As I'm writing this, it's about 8:15am in Mexico City on Thursday morning. I have been here since Monday at noon. It has been a non-stop whirlwind of a trip with evenings that stretch until 3:30 in the morning and 7:30am wake-up calls. It's been crazy. It's been fun. It's been a quite a bit more than I imagined.
Tacos al Pastor
Since I live in Baltimore, truly authentic Mexican food I'm discovering is kinda hard to come by. There are some decent places that offer tacos with chicken, beef or carnitas but I've never found a place that makes tacos as pastor and now I know why.
For the uninitiated, Tacos al Pastor is a taco (soft, flour tortilla only) made with pork that has been sliced and stacked on a rotating spike that cooks by radiant heat.
Que??? you might ask - basically what I'm saying is that the meat is cooked in the same fashion that you find gyros at greek places.
We're at another sidewalk vendor called "El Vip Sito" - what does that mean? Not sure, but it's Ana's favorite place for Tacos al Pastor and it rocks the house. It's kind of odd. It's one of those holes in the wall that's, literally, a "hole in the wall". It's located in front of a very large automotive service place. And not one of those slick joints, this place is basically a painted corrugated metal warehouse size of a building. It's night and it looks kinda sketchy, but it's packed and jamming.
I'll venture to say that, maybe, sixteen people can sit at the "bar" or at a small table. You walk up and there's a nearly equivalent amount of workers ready and eager to take your order. Order a taco and the guy at the gyro machine cranks up the heat and gets things rolling.
A few slices of his knife later and the taco al pastor is sitting on that ubiquitous plastic plate ready for you to devour. There's a couple cauldrons of freshly made pico de gallo, salsa rojo and guacamole, along with a large pan of cut limes.
I'm an amateur so I let Ana decide the best way to prepare my taco. A little bit of guacamole and pico de gallo, and a big squeeze of the lime and it's time to grind. Just fold up the sides of the taco and give it a bite. The pork is amazing, succulent, juicy and tasty. The fresh pico and guacamole with lime are the perfect accompaniment. I want to eat two more, but she won't let me.
She's got more coming for El Papicito...
The next course arrives and it's called gringa, which is the typical term to describe Americans. Perhaps accompanied with the words: "Chinga su madre, su pinche gringo pendejo! But I don't know and I don't know why it's called gringa though I suspect it's because of it's very large "Super Size It" kind of size - I think they should have called it gorda.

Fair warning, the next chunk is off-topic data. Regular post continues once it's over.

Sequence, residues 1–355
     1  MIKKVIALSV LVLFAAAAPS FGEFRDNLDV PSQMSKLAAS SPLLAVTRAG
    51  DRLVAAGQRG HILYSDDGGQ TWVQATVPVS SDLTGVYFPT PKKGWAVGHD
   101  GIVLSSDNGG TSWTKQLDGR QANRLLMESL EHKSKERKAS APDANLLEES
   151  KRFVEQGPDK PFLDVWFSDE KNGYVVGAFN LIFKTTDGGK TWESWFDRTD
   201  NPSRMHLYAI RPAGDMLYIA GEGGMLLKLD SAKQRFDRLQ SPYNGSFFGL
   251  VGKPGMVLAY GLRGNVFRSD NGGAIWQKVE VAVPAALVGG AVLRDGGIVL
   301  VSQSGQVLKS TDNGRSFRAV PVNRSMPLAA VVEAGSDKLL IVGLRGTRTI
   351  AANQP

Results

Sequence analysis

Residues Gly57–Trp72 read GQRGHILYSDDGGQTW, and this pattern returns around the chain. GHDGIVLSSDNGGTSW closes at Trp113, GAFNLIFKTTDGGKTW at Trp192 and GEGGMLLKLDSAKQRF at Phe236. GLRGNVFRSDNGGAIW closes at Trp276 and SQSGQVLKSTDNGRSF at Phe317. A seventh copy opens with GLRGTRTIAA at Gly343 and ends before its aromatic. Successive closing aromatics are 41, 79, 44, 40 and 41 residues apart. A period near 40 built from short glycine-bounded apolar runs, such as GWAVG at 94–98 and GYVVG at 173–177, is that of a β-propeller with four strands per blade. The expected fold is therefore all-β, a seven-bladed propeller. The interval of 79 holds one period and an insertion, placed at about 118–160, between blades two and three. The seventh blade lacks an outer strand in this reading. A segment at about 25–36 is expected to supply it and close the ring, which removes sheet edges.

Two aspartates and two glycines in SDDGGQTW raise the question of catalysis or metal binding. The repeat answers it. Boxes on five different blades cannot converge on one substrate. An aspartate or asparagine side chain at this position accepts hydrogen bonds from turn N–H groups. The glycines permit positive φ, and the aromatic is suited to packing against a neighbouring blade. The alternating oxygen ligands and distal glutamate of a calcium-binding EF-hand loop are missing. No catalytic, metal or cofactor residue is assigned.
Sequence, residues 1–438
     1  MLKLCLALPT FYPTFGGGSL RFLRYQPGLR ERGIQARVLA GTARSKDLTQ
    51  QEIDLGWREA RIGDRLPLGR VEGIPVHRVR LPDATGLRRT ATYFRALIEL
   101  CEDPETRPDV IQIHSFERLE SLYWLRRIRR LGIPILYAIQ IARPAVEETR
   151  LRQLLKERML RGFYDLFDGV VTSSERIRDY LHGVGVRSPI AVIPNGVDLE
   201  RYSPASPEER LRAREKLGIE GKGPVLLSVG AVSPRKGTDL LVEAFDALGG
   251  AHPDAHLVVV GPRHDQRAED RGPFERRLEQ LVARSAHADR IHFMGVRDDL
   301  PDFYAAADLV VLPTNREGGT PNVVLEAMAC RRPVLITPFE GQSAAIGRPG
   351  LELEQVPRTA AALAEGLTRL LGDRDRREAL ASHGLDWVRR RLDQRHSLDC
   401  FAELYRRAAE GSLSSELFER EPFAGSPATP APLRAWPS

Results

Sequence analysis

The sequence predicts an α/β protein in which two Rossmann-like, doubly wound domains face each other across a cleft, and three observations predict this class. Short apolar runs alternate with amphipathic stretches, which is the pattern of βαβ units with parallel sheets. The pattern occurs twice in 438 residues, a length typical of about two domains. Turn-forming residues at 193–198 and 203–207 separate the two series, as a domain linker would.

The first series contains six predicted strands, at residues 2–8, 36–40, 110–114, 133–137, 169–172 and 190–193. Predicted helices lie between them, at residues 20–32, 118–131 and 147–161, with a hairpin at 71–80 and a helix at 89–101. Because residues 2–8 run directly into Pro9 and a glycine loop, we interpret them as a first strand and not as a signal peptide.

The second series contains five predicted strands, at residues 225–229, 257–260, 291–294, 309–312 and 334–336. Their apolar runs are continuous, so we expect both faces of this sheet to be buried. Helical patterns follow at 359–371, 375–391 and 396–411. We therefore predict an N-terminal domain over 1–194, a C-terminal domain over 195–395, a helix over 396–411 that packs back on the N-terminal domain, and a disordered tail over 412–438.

It's kind of the same, but in large amounts with onions and cilantro on a bigger tortilla.
Maybe I'm just kinda weird, but I get off on seeing kitchens and how people do their thing. Happily, El Vip Sito doesn't disappoint. Just about everything is done in the open. The gyro machine doo-hickey is outside on the sidewalk along with a blazing hot plancha. Behind the bar they've got an assortment of goodies, most of which I haven't a clue as to what they are. To our right is the cooking line. Basically two guys working two planchas with to large, wooden cutting boards.
These guys make everything else, including the boat-type tacos we're about to eat. Can't remember the name off-hand but these are little crispy corn tortillas that have been fried and slightly curled on the sides to hold the filling. Using the plancha, they cook the beef and then coat it in a very healty slathering of cheese, melting and embracing the sliced beef.
When finished, it comes off the plancha in a large log that the cook cuts into four portions and places on top of the tortilla and you can add whatever toppings you desire.
So, how was it? Beautiful. The tacos al pastor were better than I would have imagined. The meat was perfect, delicate and sliced to just the right thickness to make biting easy. Sliced by hand these guys showed tremendous skill. Any thicker and it would be too chewy and difficult to bite. The gringa was a lot more of the same hand-sliced pork. Tremendous. But I really should have stopped there. The last round put me over the edge. It was good. The beef was tender and delicious. From what I could gather, the meat used was from the ribeye - always a welcome meat on my table. However, it was a bit overpowered by the cheese - just a mountain of cheese, which, while very tasty would sometimes be "too much," forcing me to chew-chew-chew.
Alright, that's enough talk, time to head out.
Avenida Universidad, esquina Torres Adalid